Pour préparer le terrain de mes futures vignes, j'utilise un tractopelle qui enlève les souches des arbres et permet de niveler le terrain. To prepare the field for my future vines, I'm using a backhoe that removes tree trunks and allows the terrain to be levelled. al properties throughout France
A DAY IN A FRENCH LIFE...
by Kristin Espinasse
There's a rumble out in the fields, clouds of dust are floating down through the meadow and I don't trust that giant roving tractopelle around my dog! Such are my thoughts as Smokey and I remain holed up inside this morning, while the land around our farmhouse is being leveled for the next vine planting in March.
Today Jean-Marc is away helping another Bandol winemaker bring in a harvest. So that leaves Smokey and me and this disconcerting bruit! Yesterday, that giant backhoe was like a bull in a china shop. As I stood out on our bedroom terrace, watching its massive arm claw towards our home, I called to Jean-Marc who stood behind the house. "It hit the olive tree! The tractor hit the tree!" shouted. The cracking sound from the 300-year-old tree being repeatedly whacked as the tractor cab whipped back and forth was too much to bear. I ran inside and called my mom.
"Kristi," she said, "You need to go for a drive somewhere and let those men work. Quit torturing yourself." I followed Mom's advice and headed to peaceful ground--the supermarket. Food is a good comforter!
This morning that old olive tree is intact, and so am I. The kitchen door is cracked open should I be called on for help, and in case I can't hear the call, I have Smokey here beside me practicing his own little rumble in cadence with all the unusual sounds.
When Smokey's growls turned to barks, I opened the door to Roland, who is back to restore an old puit, or well, located in the field above our home. Roland gleaned many of the materials from our yard, including an iron lintel which was discarded when we knocked out part of a wall to put in the giant window seat.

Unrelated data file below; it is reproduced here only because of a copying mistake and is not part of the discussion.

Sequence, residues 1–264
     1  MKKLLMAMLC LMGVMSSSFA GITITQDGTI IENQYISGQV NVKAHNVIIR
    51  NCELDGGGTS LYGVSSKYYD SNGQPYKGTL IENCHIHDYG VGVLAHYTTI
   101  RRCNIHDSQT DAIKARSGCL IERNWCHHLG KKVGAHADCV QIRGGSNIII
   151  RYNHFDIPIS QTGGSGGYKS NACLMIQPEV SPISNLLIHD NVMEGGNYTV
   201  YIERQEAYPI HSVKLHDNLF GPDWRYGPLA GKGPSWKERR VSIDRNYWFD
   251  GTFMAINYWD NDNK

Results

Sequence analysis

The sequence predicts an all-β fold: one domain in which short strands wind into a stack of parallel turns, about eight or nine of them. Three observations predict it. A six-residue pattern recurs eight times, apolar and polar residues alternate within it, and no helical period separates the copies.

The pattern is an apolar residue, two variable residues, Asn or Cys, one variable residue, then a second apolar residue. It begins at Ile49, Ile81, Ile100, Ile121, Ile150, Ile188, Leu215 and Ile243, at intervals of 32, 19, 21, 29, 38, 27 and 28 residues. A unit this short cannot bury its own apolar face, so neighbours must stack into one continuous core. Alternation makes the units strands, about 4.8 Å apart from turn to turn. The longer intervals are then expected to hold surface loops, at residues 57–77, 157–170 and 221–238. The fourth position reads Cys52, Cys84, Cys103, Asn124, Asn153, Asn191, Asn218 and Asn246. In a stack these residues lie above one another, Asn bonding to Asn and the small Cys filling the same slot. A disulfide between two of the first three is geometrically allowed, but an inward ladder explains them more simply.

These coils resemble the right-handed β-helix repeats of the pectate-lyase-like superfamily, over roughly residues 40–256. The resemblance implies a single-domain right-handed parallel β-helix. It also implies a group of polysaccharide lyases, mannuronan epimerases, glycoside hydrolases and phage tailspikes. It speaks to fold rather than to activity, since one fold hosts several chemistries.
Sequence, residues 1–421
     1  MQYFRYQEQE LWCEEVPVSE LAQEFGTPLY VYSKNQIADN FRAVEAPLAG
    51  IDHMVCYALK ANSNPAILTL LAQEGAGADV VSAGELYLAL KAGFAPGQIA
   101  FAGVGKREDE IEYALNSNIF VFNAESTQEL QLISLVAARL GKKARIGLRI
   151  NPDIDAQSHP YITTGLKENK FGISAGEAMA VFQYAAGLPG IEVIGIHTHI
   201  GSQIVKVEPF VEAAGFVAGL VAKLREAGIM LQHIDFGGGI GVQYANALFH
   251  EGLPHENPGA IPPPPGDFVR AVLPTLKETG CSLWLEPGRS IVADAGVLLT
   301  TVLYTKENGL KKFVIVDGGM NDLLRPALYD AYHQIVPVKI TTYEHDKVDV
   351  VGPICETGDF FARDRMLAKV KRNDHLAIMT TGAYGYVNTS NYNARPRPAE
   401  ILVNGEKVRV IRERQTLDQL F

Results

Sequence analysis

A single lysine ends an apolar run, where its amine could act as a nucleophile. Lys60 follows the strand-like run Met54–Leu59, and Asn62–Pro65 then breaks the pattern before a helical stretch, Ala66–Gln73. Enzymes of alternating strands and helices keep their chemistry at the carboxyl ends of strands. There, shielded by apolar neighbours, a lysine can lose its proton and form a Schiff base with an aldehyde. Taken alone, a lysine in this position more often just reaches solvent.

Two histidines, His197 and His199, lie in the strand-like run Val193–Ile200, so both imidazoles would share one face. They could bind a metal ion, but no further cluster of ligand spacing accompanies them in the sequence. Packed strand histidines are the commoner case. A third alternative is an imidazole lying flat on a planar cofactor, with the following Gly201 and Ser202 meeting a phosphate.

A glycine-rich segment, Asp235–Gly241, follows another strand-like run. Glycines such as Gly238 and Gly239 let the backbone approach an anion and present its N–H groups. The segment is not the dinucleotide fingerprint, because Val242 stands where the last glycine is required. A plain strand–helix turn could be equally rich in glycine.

Near the lintel, you can see where Roland is replacing the missing stones, using mortar to hold them together.
"Do you have an old door?" Roland asked, his eyes already roving our front yard.
I stepped out of the kitchen and joined Roland in the search, pointing out a few possibilities: "There is our old wedding table," I said, as we passed by the tabletop leaning against the wine cellar. Wouldn't it be nice to give it a new life--as a door?
Hélas no, the broken tabletop would not work. Roland and I continued our scavenger hunt, past the sunflower field, its drying flowers slumped over their wrist-thick stems. We crossed over the pétanque court, stepping over a carpet of fallen figs. And there, behind the house, I saw it, an old wooden shutter.
"Cela fera l'affaire!" That ought to work, Roland announced. "And there are gonds, too. Parfait!"
As Roland walked away with the old shutter and the salvaged hinges, I felt a skip in my step returning to my post as "standby helper". A much better position to be in than that of a worrywart.
* * *
Thank you very much to the previous owners, Michael and Maggie, who sent us some photos of what this land looked like in the 60's. You can see the field behind our house, where Jean-Marc will plant more vines this spring. But it looked nothing like this photo (taking in 66') when we moved here. The field had returned to its natural state, bursting with thyme, rosemary, and a jungle of interesting plants. In the photo where you see petit pois, or peas, Jean-Marc will plant his vines.
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For more online reading: The Lost Gardens: A Story of Two Vineyards and a Sobriety